Twamnesia -- Have you ever been busted for telling partners, colleagues and friends how hard you’ve been working, forgetting that they were likely fully aware that you spent the day learning British slang and playing #ifdinosaurswerethestars (Street Car Named Dulce de Leche), the evening live-tweeting three-timezones worth of satellite broadcasts of #RHONJ and then in the wee hours playing the role of Janet in an impromptu blip.fm Rocky Horror Twitter Show before Twitpicing a real-time series on how to make silver dollar pancakes, nom nom nom.
SMaranoia -- Specific discomfort or broadbased fear that people will feel neglected if you don’t “like” their status or join their Twitter party, that people have plotted to ignore your Tweets en masse, that they will know you didn’t follow them even though Twitter recommended them to you -- and hey, why did Twitter recommend them to you, are your enemies controlling that function and making you confront their avatars and why are you seeing ads for cleavage Botox, is that targeted to you because of those BlogHer photos on Flickr, they must be targeted to you!? It's a conspiracy!!!
So what is a sick So-Me addict to do? Is there a cure or a remedy for these disorders? Probably not, just like all neurotic expressions, we probably can feel better by focusing more on coping and on gaining confidence than by looking for a cure. We might not really want a cure, anyway. Freud said, "Neurotics complain of their illness, but they make the most of it, and when it comes to talking it away from them they will defend it like a lioness her young."
We could simply decide to embrace our social media neuroses, knowing that they are part of the brilliance we’re soaking in. As Proust wrote: "Everything great in the world comes from neurotics. They alone have founded our religions, and composed our masterpieces. Never will the world know all it owes to them, nor all they have suffered to enrich us."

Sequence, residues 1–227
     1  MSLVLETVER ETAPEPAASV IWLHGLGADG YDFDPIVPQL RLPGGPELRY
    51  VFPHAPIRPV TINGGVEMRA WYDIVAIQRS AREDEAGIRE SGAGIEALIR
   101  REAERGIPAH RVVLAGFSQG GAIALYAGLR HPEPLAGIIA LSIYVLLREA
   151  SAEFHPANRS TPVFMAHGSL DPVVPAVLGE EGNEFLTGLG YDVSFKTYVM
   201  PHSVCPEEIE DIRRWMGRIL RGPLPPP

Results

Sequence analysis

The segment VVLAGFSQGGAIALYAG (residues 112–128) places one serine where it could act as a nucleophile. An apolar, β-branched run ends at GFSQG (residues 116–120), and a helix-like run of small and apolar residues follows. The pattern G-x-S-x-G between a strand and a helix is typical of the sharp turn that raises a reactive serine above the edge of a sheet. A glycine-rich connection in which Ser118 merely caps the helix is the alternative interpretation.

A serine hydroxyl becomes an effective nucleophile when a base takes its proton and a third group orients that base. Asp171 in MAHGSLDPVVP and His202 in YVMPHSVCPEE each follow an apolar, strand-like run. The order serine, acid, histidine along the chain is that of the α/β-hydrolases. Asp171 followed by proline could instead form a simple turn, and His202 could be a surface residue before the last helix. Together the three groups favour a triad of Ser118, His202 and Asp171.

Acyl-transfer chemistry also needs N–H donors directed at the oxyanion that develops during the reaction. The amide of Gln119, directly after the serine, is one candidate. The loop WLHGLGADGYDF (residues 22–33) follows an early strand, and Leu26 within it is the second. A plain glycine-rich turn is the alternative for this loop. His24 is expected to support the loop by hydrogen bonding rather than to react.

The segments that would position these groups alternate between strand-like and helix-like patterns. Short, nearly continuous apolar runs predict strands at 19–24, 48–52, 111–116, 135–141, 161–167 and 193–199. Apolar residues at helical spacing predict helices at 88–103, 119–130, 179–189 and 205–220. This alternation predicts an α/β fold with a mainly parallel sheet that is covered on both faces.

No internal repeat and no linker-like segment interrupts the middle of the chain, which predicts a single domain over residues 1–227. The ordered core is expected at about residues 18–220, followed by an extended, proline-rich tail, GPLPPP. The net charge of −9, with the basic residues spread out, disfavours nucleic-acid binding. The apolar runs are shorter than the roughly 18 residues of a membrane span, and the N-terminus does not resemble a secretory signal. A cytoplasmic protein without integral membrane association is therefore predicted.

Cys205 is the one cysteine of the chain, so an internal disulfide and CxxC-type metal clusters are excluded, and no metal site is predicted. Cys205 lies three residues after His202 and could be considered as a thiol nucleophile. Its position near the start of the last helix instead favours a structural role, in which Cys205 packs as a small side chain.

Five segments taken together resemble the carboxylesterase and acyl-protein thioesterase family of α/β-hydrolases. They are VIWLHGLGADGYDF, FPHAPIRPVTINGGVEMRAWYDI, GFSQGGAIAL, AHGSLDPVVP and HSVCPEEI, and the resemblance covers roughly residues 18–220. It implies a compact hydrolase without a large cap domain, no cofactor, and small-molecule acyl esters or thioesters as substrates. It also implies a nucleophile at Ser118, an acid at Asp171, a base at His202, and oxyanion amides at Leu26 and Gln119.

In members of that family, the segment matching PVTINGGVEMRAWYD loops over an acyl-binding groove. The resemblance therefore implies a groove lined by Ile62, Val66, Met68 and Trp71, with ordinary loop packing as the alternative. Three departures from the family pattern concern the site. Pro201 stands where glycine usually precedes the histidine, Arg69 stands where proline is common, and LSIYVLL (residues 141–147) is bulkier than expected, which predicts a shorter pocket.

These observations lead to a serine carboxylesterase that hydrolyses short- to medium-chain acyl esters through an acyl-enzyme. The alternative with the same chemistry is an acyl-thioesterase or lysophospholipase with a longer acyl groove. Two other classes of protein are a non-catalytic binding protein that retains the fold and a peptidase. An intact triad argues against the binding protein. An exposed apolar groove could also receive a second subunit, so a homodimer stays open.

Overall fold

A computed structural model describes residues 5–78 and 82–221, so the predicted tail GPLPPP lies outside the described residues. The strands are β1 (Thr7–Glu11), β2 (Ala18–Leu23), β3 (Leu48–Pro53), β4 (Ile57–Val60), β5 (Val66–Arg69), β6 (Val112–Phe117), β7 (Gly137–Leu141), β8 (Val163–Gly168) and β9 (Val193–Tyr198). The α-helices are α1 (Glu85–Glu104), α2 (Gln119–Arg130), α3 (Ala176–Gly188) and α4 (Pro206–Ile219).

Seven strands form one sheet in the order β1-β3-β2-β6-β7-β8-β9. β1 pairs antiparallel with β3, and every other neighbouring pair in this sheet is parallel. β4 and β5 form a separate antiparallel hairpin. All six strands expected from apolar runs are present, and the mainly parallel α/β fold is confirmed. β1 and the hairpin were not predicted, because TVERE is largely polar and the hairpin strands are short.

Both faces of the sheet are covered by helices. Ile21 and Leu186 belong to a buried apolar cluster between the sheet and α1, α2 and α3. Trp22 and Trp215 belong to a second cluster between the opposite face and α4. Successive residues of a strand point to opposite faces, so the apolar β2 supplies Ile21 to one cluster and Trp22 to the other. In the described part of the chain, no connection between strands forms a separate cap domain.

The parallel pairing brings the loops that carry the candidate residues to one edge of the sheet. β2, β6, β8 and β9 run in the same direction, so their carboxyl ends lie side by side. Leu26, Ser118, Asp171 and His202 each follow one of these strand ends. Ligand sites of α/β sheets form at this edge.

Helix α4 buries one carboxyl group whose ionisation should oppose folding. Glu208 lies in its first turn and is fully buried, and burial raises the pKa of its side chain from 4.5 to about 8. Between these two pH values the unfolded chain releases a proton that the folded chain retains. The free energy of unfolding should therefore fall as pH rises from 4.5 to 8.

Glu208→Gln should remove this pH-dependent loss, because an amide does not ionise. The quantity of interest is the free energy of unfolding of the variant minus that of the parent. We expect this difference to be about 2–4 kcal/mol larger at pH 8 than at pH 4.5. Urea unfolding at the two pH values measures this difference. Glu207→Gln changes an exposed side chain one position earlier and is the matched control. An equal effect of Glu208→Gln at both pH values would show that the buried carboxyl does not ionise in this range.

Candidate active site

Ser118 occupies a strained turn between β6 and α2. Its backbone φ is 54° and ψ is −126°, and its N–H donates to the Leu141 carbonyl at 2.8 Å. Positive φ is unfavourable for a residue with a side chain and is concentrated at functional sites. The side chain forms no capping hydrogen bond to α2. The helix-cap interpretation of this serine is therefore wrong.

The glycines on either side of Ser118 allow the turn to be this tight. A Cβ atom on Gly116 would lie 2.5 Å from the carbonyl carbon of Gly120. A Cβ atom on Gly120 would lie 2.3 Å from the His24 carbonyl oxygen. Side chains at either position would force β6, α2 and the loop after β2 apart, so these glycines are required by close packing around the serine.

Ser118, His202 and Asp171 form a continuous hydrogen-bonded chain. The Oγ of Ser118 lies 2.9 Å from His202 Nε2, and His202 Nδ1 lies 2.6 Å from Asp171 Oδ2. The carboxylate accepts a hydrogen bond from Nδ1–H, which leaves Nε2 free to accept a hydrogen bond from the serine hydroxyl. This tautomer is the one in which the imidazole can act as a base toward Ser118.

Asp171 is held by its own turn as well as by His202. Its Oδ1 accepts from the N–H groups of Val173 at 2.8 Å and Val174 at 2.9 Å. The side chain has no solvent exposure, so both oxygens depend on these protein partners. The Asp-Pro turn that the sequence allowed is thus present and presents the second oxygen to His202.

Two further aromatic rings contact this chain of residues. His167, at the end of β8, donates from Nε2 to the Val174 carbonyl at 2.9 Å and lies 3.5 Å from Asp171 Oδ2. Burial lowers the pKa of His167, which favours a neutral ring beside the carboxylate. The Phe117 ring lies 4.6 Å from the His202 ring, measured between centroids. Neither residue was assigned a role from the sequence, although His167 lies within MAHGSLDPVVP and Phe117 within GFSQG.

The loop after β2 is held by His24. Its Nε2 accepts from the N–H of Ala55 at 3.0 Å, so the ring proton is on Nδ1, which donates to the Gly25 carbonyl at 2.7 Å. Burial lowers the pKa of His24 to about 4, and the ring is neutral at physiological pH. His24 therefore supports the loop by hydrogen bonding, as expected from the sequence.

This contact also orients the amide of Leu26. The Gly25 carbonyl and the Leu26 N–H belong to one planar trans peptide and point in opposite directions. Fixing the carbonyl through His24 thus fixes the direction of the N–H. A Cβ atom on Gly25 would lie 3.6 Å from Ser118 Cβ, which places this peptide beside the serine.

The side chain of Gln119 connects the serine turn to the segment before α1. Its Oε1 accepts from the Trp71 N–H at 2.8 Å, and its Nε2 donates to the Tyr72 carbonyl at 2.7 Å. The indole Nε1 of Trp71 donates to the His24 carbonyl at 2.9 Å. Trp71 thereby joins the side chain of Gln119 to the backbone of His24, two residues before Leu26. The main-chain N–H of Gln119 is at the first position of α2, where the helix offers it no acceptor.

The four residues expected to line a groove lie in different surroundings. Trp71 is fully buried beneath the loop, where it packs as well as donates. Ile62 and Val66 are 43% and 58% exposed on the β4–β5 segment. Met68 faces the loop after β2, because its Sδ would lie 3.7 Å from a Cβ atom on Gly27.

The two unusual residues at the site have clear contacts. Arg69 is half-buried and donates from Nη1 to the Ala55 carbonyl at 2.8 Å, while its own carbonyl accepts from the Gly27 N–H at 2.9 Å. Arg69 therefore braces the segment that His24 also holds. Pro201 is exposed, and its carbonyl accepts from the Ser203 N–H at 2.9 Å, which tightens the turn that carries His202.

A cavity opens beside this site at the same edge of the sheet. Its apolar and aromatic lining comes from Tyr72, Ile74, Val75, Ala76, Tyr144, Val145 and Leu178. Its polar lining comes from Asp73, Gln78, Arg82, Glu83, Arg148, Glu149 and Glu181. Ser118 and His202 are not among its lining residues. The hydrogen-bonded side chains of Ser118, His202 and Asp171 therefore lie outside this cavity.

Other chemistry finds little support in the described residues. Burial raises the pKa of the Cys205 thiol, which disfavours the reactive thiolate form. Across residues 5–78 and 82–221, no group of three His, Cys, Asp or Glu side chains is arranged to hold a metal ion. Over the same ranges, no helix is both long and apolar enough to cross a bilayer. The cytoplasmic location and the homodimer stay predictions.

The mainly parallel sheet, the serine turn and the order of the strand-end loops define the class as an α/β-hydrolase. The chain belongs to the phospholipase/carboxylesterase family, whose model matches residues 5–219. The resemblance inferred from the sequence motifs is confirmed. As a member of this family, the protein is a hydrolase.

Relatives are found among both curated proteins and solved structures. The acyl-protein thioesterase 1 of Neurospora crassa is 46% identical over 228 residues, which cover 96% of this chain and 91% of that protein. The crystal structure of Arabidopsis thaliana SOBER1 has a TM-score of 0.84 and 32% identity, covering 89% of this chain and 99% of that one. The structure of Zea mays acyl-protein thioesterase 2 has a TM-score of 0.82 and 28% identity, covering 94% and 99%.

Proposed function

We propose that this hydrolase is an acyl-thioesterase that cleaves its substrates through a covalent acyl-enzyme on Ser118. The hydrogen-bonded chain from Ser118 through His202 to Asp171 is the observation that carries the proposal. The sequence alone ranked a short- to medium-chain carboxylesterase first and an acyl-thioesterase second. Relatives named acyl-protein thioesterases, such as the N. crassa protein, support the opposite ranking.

Masterpieces, Facebook status posts. Same difference.
Have you noticed any Facebook frenzies or Twitter manias of your own? Gosh, I hope -- really, really hope -- you have and that you comment and that you like this post. I’m just going to hide under my laptop compulsively clicking on this URL until I see if you’ve added a comment so that I'm not all vulnerable and alone here, not that I want you to add one just to make me feel better, but maybe you will. We’re friends, right? Right? RIGHT?!!
Contributing Editor Deb Rox is a big, big follower/fan/groupie of Jung. It’s kind of co-dependent, really--she’ll retweet anything he tells her to and solicitously namedrops him all the time on her blog. Sometimes I worry about her. Especially when I write bio notes about her using the third person and midway through the bio note I realize she’s me. Poor thing.